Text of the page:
Last Friday I looked, as is my wont, for my Friday fix of Jim Hopkins in the NZ Herald, but alas my search was fruitless.
Neither a column nor an explanation for its absence were there.
This morning I looked more in hope than expectation and found to my delight he’s back but only fortnightly as, I gather, is the case for other columnists who aren’t on the Herald’s staff.
Tough times no doubt lead to tough decisions but this isn’t the right one for writer or reader.
For several years I wrote a weekly column for the ODT, then I got a call from the editor saying they wanted to reduce my contribution to a fortnightly one and the space left in alternate weeks would be filled by a staff writer.
That was the beginning of the end. When I was doing the weekly column I established a pattern: gather ideas and mull them over, mentally writing, discarding errant phrases and refining the ones that worked while I was doing whatever else needed doing until a couple of days before deadline. Then I rang the friend who did a picture to accompany my words to tell her what the column was going to be about, the next day I wrote it and began gathering ideas . . .
The fortnightly deadline broke the rhythm, two weeks was too far away to start the gathering of ideas for anything which might be topical by publication date and the week off in between made it much harder to get the creative flow going again.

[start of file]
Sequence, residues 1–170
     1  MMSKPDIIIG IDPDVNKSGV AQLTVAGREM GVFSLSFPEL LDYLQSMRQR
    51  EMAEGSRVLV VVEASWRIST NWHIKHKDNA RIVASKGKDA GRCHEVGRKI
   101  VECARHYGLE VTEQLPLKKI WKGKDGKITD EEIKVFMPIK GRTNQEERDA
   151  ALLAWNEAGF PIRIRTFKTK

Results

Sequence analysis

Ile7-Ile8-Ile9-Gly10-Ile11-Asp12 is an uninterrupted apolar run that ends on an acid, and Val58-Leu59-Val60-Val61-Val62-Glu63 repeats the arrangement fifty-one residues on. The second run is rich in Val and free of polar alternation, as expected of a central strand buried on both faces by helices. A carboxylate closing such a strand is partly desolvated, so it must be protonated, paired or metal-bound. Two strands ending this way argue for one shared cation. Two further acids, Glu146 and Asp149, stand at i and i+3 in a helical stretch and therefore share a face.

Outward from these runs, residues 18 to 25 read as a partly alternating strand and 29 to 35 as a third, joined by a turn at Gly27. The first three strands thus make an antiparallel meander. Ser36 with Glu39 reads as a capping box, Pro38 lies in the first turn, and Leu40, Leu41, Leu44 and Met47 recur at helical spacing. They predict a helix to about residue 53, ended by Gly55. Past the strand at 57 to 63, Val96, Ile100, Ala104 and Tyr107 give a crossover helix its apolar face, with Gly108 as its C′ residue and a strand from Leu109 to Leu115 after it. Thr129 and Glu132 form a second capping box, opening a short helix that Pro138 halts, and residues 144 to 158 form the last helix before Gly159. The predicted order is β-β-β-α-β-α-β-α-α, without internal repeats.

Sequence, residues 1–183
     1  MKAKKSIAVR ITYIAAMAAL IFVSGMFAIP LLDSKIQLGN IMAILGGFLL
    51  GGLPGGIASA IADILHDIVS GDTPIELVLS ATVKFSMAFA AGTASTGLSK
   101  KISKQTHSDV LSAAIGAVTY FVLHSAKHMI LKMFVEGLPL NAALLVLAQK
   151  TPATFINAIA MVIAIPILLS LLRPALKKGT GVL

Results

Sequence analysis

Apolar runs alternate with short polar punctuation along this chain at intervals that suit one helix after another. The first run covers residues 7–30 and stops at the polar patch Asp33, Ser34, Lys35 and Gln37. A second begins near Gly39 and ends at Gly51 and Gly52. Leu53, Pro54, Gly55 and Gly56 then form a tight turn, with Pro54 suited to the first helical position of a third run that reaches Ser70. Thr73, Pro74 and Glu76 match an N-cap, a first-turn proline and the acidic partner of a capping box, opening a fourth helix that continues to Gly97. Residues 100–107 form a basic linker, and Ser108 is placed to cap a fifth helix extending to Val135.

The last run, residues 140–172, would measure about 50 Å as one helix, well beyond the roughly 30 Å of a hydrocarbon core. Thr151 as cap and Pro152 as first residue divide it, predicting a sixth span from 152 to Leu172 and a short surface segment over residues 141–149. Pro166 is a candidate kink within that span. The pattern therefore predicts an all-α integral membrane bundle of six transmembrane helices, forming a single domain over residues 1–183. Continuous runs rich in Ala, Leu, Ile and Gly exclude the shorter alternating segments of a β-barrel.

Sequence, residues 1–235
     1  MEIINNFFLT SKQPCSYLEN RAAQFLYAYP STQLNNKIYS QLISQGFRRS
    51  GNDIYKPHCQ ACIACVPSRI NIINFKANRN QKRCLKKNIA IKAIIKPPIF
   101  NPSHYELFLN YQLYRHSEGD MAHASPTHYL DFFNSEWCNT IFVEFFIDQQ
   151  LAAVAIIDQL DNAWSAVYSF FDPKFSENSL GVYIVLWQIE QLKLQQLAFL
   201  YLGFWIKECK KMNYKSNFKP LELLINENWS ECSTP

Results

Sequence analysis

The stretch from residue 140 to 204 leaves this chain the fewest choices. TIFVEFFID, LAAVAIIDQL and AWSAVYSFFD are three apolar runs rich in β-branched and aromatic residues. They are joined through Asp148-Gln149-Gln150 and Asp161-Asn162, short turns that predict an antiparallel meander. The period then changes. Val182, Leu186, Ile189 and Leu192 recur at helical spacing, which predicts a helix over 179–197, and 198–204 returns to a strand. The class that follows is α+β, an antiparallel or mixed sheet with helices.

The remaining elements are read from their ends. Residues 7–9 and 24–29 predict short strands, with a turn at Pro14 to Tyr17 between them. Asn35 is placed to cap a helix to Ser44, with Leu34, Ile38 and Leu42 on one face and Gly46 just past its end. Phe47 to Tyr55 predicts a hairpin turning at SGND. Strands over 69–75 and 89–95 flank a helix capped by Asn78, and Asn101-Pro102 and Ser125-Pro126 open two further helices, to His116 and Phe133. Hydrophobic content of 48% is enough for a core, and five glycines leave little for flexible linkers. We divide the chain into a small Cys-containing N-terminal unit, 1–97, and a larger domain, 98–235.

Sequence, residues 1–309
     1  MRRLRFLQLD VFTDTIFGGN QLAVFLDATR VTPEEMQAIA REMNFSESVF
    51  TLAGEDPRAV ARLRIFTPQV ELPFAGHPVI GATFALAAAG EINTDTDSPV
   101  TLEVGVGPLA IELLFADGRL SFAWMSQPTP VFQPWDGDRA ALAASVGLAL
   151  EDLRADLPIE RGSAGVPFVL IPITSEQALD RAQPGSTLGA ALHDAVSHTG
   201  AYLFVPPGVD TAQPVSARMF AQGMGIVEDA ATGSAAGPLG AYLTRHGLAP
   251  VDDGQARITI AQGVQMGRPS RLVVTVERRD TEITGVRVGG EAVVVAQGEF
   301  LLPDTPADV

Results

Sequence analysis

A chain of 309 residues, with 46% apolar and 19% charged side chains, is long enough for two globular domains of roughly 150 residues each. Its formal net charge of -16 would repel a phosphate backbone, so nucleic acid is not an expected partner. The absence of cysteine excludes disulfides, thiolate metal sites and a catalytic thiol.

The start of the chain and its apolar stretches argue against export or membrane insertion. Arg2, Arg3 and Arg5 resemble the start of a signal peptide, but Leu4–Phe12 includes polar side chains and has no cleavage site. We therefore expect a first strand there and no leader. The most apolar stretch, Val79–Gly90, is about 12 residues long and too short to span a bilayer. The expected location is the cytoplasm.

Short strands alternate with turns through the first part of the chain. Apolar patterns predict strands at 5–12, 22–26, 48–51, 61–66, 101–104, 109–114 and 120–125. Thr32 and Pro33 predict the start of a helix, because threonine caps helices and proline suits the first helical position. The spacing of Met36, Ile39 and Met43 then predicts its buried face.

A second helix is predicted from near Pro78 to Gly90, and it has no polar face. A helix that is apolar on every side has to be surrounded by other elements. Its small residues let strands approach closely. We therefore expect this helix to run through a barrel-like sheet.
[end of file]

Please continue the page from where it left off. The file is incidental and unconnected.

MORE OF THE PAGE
I approached other editors in the hope of getting a weekly stint, or a space in the alternate fortnight but they weren’t interested.
The difficulty with the stop-start writing was my problem but the fortnightly offering didn’t work for readers either, they kept telling me they couldn’t find the column and then they stopped looking for it because they thought I’d given up.
The Herald may not be worried that they’re making writing more difficult for columnists but they ought to be concerned about disappointing their readers.
Unless it’s considerably more generous to its freelancers than other papers, cutting their contributions in half isn’t going to save much money. But every cent counts and if they think this is a necessary economy measure, they’d be better to get rid of half their contributers rather than halving the output from them all.
That said, I don’t want Hopkins to be one of those that goes. He’s one of very few satirists writing in New Zealand and as such he should be accorded the respect due to a member of that endangered species which has both the wit and words to poke the borax at those in high and not so high places.
Take this from today’s column, for example:
The fact that senior people in gummint departments aren’t able to write a decent letter suggests we’ve got an education system so useless it can’t even teach kids how to light a fire by rubbing two policy analysts together.
But that’s a story for another day. The point here is, if anything, even more disturbing. It turns out Winz has been dashing off lots of “badly written” letters. Seriously! Judge for yourself …
You can judge more for yourself by reading more here.